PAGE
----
03/29/2009 05:12 am ET Updated May 25, 2011

Finding Employment Benefits at the End of the Rainbow

Today wasn't all bad. I had a little turkey sausage left in the tube to go with my last two eggs and the remaining slice of bread. My Internet was turned off because of the delinquent bill, but the $2 cup of coffee that gave me access to the dub-dub-dub didn't put my debit card into overdraft land. Blessedly, there was $12.62 in the account at the time of the transaction.

Like the million-plus people in this country over the last two months, I'm newly unemployed. Perhaps worse than most--because there were millions of us before the (de)(re)pression started--I'm an unemployed writer. But I have freelance assignments and, eventually, they'll pay. Something.

There's comfort in knowing that I'm not alone in this widening corner, cowering at the coming turn of the month and all the bills it brings. And it's a little morbid to feel comfort in the shared misery of others. Even as I curse them out for clogging up California's Employment Development Department's loathsome 1-800 number.

How loathsome? Like a bored teenage girl trying to win Britney Spears tickets from the radio station, I tried 27 times this morning to snag a break, only to catch the recorded voicemail that hangs up without even saying "Goodbye." I tried 15 more times after 10 AM. I just needed to ask one person one question.

"Hello, sir? Thank god, I got a person. I know it's crazy over there, you're job ain't easy job. Quickly, here's my deal: I filed the first week of January, completed my questionnaire after receiving the pamphlet, but I haven't heard from you since. I know that I need an interview to start collecting and I need one more piece of mail to schedule that what do I do? It's been six weeks."

I just timed that bit of hypothetical took 22 seconds. I tried nearly every other phone non-1-800 number on the Department's website--read to me over the phone by my patient girlfriend last night--without ever being connected to a person with an answer to my question not frequently asked enough to be included in the site's FAQs.

But today wasn't all bad. That patient girlfriend is patently pulchritudinous and enthusiastically inspiring. And after I showered, before I left for the Internet cafe, there was a knock on my door.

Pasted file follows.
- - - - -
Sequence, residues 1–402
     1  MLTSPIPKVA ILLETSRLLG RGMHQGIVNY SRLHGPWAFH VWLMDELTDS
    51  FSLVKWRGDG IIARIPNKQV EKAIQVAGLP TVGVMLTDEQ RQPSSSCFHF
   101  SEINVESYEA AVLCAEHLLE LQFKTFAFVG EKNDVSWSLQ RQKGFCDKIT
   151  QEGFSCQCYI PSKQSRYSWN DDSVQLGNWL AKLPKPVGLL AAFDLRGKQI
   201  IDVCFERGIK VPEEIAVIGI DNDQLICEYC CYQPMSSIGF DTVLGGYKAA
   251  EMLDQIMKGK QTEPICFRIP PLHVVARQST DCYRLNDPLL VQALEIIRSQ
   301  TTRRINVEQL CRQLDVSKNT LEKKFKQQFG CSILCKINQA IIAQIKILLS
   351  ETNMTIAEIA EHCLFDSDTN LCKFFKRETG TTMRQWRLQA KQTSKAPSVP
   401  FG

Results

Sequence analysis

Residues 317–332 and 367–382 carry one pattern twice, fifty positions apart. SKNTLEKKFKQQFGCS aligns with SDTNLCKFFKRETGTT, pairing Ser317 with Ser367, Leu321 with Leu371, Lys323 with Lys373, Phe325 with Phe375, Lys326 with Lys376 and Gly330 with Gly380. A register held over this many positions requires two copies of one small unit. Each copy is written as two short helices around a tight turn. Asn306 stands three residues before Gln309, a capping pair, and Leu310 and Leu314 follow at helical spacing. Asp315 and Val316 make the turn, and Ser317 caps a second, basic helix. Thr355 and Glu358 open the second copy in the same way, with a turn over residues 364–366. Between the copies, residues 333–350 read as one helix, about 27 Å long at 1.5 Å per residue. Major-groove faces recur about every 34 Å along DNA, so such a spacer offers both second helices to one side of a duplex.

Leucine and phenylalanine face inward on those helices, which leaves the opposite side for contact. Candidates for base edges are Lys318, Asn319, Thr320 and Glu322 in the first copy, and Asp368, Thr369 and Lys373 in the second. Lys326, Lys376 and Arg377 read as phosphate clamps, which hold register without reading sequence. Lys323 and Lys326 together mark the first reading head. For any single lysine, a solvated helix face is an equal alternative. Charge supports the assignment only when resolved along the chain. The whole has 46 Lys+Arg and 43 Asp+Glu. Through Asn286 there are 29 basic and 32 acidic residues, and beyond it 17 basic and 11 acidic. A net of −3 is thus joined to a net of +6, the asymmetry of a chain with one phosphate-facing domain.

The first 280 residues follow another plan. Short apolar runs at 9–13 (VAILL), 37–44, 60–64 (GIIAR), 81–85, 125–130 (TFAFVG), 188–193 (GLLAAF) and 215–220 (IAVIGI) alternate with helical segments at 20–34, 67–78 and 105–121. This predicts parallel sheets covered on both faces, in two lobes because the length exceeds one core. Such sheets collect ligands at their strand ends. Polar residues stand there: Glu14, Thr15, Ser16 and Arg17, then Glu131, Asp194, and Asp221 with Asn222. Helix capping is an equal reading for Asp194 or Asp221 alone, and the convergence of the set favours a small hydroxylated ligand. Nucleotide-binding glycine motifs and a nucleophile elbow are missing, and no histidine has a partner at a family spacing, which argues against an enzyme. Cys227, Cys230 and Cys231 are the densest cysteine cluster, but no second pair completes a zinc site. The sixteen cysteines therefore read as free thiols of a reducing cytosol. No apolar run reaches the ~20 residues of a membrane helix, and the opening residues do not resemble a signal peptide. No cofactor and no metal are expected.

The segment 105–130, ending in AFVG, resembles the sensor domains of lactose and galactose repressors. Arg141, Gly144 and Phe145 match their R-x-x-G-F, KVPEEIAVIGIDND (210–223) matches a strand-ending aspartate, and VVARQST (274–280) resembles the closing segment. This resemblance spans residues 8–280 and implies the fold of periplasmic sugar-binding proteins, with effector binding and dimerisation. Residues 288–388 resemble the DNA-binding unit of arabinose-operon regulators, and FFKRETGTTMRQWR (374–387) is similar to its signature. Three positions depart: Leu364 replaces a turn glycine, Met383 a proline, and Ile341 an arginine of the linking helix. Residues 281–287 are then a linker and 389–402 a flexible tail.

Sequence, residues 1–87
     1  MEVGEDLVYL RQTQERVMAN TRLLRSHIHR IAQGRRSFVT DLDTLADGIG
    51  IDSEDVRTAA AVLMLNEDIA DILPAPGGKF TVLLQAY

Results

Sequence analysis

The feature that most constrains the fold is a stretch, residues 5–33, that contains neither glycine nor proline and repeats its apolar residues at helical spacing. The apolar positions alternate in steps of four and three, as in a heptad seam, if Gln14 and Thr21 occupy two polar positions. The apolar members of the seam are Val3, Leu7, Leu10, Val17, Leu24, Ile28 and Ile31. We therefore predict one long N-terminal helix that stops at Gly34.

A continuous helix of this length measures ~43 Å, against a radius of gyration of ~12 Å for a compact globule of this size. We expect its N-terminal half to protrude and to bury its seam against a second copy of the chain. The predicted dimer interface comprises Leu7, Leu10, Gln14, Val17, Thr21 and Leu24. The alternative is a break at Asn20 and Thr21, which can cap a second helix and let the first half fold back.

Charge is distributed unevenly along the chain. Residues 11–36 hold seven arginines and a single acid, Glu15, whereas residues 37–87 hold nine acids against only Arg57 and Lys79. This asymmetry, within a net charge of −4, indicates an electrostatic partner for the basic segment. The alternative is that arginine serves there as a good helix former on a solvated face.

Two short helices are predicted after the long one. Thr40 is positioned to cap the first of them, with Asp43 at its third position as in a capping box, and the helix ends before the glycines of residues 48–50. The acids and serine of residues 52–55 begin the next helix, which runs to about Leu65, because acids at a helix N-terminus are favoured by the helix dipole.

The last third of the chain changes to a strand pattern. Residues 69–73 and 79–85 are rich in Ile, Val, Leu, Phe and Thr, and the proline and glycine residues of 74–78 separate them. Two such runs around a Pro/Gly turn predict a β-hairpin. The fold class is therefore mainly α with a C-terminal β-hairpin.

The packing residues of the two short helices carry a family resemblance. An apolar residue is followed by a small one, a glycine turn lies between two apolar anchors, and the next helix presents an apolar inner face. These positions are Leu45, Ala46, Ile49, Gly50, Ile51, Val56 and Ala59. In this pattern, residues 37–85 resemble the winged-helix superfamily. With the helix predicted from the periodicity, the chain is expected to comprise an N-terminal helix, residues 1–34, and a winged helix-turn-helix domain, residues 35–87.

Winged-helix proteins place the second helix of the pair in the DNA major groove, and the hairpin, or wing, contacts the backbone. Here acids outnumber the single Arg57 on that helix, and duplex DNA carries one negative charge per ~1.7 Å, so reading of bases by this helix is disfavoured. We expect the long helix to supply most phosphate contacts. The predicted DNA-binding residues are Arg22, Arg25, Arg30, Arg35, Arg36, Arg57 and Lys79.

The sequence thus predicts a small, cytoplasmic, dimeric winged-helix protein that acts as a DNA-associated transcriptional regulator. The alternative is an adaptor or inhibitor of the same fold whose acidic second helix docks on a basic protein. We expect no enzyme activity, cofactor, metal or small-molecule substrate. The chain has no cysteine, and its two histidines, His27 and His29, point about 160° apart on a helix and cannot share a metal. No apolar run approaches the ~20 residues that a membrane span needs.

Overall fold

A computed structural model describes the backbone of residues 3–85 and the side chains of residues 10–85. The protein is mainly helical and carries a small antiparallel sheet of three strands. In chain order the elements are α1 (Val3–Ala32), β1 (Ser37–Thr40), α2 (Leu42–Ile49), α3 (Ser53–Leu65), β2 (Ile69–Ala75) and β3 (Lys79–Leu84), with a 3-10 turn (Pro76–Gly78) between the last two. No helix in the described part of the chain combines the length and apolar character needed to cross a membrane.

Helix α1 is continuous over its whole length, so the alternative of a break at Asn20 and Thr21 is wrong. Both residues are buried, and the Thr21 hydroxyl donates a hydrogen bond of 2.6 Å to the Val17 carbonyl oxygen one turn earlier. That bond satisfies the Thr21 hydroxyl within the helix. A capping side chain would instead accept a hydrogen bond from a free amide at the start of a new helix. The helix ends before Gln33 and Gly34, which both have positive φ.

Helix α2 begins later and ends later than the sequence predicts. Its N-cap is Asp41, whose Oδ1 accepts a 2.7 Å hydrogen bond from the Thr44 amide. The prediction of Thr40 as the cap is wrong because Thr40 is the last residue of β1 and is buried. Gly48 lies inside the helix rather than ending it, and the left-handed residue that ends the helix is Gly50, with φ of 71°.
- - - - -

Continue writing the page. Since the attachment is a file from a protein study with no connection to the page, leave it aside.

"I live in 110, I think this is yours," the woman, my downstairs neighbor, said.

I live in 410 and the letter was the one that had plagued me for weeks. It wasn't the fault of California's EDD, it was that of the United States Postal Service. In a building with 78 units on a dizzying turn-around of month-to-month rent, it's hard to get mad at basic human error. Sometimes a 1 looks like a 4. I thanked my neighbor, promising to do the same if the mistake was reversed, and closed the door. Only after opening the letter did I realize that it was post-marked January 9, 2009, with a "time sensitive" return requirement of January 25, 2009. My disgruntling letter was probably sitting on a cluttered coffee table for over a month...and now I'd need to call that 1-800 number again.

On my way out the door, I checked the mail, gloriously finding a $105 payment from the Orlando Weekly. I walked to the coffee shop with the decent coffee and free wi-fi. I handled the emails, pitches, interview requests and networking required. I walked to the nearest ATM, only to discover that its touch screen was broken. In the spirit of perseverance and destitute fear of overdraft land, I trekked the mile-plus to the next-nearest Wells Fargo automated teller system.

After the journey that brainstormed most of this post, there was a one-legged man who fell in the cross walk, crossing the street on crutches. My flannel might smell like urine after helping him up, but I don't know his hard times. My good friend's father got laid off after 30 years of service, only to be re-hired on the condition of a $20,000 pay cut. Someone out there is being foreclosed on as you read this sentence.

Even if it's giving me a headache already, the $2.99 bottle of Cabernet-Sauvignon that I splurged on, while buying five packs of Ramen for $1, doesn't taste like swill. I have no idea how I'll pay my rent, but maybe I'll be able to find a person at the end of the 1-800 rainbow tomorrow.